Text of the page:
Essay

How Computers Helped Indonesia Move From a Cheating Culture to a Learning Culture

In Indonesia, cheating on national exams was so widespread that a mother who exposed that her child's teacher promoted cheating was accused by other parents to be a ‘disgrace to the school’. When cheating is so common, it is likely that teachers and students collude to cheat. In that case, there is little chance that they will work to mitigate it, so it becomes hard to fight.

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Why Low-Performing and Poor Students in Yogyakarta Do Not Go to High-Quality Junior Secondary Schools, Even if They Could

In our previous blog, we discussed recent policy changes to shift junior secondary school admissions to those based on house-to-school proximity instead of the Grade 6 exam score. We showed that when Yogyakarta implemented this new admission policy, colloquially referred to as the ‘school zoning policy’, the student composition changed significantly. Many students with lower test scores and poor students who had not been previously admitted to public schools were now attending them, substantially improving equity in access to public schools.

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How Indonesia Attempts to Address Inequity in Access to Quality Education: The Case of Junior Secondary Schools in Yogyakarta

Basic education in Indonesia is compulsory and includes six years of primary school (Grade 1-6) and 3 years of junior secondary school (Grade 7-9). In the past decades, Indonesia has achieved huge progress in improving access to basic education. As of 2019, net enrolment rates were 98 percent at the primary level and 79 percent at the junior secondary level. This achievement can be largely attributed to government efforts to provide free education in public schools. Nevertheless, Indonesia still faces the challenge of improving equity in access to quality education, specifically at the junior secondary school level.

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In Trust We Trust? How Social Norms Shape School Reforms

A new paper by the RISE Indonesia Country Research Team tackles social norms head-on. In this paper, Risa Nihayah, Shintia Revina, and Syaikhu Usman analyse extensive fieldwork in three Indonesian districts that have successfully introduced innovations for educational improvement. The three studied districts—Bukittinggi, Yogyakarta, and Gowa—share an innovative streak, but differ in both their social norms and the innovations they initiated.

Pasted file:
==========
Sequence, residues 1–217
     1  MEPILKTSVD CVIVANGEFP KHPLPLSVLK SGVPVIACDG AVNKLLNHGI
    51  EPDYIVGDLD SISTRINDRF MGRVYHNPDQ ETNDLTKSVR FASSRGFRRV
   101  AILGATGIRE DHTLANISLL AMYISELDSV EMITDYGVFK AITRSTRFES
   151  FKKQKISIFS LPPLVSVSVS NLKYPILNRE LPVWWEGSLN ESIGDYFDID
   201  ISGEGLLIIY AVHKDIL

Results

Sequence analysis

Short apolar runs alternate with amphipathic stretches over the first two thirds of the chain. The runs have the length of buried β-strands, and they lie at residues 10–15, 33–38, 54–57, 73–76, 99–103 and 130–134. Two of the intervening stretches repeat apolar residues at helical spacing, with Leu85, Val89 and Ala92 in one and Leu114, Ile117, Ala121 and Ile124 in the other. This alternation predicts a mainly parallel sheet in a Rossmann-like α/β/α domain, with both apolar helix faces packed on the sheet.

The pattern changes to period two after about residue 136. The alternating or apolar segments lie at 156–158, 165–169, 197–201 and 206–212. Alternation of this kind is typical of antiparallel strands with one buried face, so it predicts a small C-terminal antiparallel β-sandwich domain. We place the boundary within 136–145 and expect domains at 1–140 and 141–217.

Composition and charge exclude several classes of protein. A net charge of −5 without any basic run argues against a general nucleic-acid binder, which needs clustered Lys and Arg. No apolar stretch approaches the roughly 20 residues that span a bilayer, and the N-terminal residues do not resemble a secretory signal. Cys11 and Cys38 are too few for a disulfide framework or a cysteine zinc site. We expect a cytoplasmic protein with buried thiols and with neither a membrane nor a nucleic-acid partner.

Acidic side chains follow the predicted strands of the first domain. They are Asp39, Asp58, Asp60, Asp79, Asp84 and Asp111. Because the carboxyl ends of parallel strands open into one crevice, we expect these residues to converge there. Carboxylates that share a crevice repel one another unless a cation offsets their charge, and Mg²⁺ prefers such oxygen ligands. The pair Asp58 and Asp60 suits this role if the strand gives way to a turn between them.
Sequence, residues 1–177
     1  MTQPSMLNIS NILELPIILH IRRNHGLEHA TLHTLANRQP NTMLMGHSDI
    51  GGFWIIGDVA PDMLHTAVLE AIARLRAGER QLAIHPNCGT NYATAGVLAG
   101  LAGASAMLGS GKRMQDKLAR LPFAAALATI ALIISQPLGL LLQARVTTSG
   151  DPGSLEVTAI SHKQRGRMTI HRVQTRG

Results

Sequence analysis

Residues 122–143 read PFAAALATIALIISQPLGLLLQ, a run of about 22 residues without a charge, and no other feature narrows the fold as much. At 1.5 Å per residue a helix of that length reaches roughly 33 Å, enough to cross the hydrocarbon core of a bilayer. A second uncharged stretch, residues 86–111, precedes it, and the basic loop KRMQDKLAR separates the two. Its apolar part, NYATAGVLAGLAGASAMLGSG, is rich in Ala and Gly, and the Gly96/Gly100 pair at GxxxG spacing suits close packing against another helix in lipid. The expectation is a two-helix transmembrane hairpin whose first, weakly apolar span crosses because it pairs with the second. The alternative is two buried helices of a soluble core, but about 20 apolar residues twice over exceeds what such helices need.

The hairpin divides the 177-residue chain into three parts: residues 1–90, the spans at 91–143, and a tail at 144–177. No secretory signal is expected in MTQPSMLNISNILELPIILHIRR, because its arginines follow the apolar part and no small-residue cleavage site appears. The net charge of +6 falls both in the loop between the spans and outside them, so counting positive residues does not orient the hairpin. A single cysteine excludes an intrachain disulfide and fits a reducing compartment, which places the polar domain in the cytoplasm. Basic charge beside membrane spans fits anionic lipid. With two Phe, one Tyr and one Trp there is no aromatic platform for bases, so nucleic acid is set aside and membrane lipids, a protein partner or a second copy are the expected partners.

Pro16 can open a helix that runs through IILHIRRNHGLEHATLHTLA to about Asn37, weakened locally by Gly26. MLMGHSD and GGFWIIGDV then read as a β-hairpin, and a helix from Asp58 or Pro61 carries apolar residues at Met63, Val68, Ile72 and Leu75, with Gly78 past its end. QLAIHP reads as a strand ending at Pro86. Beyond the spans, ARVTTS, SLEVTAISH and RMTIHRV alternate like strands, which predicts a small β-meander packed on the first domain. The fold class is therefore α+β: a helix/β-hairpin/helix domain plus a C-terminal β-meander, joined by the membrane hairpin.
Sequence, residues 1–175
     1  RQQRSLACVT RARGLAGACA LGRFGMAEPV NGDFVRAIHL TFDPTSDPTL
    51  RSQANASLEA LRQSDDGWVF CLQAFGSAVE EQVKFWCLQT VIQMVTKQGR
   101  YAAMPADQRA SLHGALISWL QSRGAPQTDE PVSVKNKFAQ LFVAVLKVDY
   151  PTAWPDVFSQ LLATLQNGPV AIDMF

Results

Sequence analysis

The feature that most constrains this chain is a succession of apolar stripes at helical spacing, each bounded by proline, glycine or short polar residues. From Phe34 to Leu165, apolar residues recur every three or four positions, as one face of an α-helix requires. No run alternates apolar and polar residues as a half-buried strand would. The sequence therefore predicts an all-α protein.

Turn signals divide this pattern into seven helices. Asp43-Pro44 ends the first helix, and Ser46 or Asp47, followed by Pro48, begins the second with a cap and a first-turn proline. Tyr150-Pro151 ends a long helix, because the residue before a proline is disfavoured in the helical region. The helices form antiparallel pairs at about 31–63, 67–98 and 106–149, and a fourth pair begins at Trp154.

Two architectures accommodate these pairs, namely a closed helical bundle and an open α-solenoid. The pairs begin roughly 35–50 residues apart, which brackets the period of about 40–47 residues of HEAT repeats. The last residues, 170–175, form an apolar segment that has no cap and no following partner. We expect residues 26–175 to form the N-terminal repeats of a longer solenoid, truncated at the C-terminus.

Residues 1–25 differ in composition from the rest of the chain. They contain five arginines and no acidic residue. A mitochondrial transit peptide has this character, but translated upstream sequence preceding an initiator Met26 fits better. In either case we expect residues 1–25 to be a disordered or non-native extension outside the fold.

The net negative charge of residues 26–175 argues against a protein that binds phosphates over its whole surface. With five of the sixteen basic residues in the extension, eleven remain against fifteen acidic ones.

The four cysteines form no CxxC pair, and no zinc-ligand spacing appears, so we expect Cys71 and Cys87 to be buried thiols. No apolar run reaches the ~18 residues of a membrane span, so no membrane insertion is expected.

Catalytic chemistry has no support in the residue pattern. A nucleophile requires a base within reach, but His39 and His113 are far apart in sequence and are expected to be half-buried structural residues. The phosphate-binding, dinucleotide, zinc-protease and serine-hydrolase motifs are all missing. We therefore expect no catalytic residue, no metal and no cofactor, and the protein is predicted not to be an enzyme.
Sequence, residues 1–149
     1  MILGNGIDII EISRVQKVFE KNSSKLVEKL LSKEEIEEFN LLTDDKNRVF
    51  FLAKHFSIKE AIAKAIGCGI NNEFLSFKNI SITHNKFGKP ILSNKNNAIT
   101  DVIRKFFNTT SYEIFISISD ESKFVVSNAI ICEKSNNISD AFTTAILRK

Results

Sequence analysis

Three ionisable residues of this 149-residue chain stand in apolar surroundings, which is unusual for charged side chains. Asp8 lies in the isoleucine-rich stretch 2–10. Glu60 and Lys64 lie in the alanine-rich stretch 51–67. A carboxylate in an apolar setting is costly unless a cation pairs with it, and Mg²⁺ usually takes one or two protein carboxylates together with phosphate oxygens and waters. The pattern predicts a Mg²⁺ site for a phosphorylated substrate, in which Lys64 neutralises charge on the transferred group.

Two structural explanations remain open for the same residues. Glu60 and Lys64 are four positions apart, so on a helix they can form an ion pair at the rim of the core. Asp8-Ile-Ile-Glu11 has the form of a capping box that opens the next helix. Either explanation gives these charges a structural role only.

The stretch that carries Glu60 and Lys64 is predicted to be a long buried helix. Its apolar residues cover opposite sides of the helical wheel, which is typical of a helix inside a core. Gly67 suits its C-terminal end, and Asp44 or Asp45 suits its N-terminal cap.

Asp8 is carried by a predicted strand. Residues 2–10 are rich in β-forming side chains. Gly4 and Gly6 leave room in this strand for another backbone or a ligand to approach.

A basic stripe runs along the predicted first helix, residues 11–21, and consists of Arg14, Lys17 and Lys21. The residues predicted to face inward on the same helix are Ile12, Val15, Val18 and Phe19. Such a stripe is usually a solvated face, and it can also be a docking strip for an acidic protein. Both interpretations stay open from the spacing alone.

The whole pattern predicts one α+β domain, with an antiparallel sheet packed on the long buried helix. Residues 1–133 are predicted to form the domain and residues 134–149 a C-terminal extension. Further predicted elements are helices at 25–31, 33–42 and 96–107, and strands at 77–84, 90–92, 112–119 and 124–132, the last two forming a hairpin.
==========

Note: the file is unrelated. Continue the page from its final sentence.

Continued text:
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What Changed? Exploring Teacher Incentives, Social Accountability, and Student Outcomes in Indonesia

What causes gains in student learning? When a policy change or intervention yields better student learning outcomes, this is cause for celebration. But if we want those learning gains to become a reality for other children in other contexts, we need to go beyond celebration toward analysing what exactly the intervention achieved—such as whether the learning gains were accompanied by undesirable side effects—and how exactly the intervention achieved it.

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The unconventional message from Minister Nadiem and why teachers have yet to enable students to have the freedom to learn

During the commemoration of the Teachers’ Day on November 25, Indonesia’s newly appointed Minister of Education and Culture Nadiem Makarim asked teachers to become the agents of change for the freedom to learn in the country.

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The competence of Indonesian primary school teachers is substandard, and the government’s measures to improve it has been imprecise

Teacher competence and professionalism play an important role in the success of student learning. As long as the government does not prioritise improving the quality of teachers or mapping the competence of teachers, it is difficult to imagine that the quality of education in Indonesia will be better.

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